The Garden is open again and we’re all looking forward to seeing visitors back, and they’ll be back in time to catch the optimism of spring throughout the displays. Tulips in the Mediterranean, magnolias in the family beds and ruffled new leaves clambering out of buds and stretching into action. They’ll also see carpets of flowers that we didn’t plant, they were here before the Botanic Garden and maybe before whatever was before the Botanic Garden; they’re Anemone nemerosa otherwise known as wood anemones. (more…)
By Helen Roberts
There has been a substantial amount of press coverage recently on the plight of our pollinators. They are now less abundant and widespread than they were in the 1950s. A number of threats are responsible, including habitat loss, disease, extreme weather, climate change and pesticide use. (more…)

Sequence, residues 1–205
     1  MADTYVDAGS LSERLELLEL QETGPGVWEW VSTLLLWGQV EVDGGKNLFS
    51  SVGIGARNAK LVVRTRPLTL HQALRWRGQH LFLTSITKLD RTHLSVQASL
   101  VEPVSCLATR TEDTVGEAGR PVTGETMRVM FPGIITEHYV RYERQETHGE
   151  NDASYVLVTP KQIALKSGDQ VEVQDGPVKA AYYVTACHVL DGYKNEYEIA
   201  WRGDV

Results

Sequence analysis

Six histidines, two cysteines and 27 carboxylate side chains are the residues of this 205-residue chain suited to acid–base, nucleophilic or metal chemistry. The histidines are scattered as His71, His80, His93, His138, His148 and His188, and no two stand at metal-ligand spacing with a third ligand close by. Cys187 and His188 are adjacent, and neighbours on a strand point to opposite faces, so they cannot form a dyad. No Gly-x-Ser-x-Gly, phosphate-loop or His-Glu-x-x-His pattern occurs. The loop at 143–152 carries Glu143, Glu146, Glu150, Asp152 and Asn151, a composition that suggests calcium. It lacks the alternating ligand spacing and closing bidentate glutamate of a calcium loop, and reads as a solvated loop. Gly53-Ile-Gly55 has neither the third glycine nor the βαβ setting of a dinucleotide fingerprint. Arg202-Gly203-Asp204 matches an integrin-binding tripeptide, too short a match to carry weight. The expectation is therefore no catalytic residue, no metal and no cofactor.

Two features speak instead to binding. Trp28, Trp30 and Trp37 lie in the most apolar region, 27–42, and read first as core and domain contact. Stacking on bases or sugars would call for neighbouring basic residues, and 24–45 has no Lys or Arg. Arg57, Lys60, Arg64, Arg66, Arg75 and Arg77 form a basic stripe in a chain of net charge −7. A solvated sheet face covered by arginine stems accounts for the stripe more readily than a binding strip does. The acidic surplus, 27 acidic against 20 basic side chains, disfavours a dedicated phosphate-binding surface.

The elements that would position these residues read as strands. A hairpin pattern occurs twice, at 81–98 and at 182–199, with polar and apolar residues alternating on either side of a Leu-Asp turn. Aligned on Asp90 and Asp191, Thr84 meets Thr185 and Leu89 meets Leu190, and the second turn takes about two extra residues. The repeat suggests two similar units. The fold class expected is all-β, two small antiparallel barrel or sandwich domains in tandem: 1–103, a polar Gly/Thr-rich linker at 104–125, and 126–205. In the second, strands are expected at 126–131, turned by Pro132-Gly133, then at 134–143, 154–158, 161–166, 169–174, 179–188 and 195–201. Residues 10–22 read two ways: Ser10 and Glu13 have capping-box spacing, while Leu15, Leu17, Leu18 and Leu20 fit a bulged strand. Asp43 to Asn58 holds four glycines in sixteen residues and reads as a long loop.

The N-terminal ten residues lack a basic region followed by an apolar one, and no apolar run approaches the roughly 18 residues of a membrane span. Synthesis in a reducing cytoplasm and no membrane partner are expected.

By Alida Robey
Composting was an inherent part of how we lived when I was growing up – nothing was wasted. Food scraps went to the chickens, kitchen and garden waste to one of several compost heaps and leaves were piled into a pit for future leaf-mould.
Today, I live in a flat with a small decked courtyard. I have access to five compost bins in an area of communal gardens in Clifton (Bristol, UK); this means with almost no effort at all the only rubbish I produce is recycling and an occasional black bag of non-recycleable inorganic waste. I don’t even have to keep a compost bin at home. And still each week along my road I see quantities of black bags destined for landfill spilling out onto the pavement with fruit and veg and greenery. Given the years I have spent trying to coax friends and neighbours in different locations to compost, this scene is a heart-rending weekly reminder of my lack of success in this personal campaign! (more…)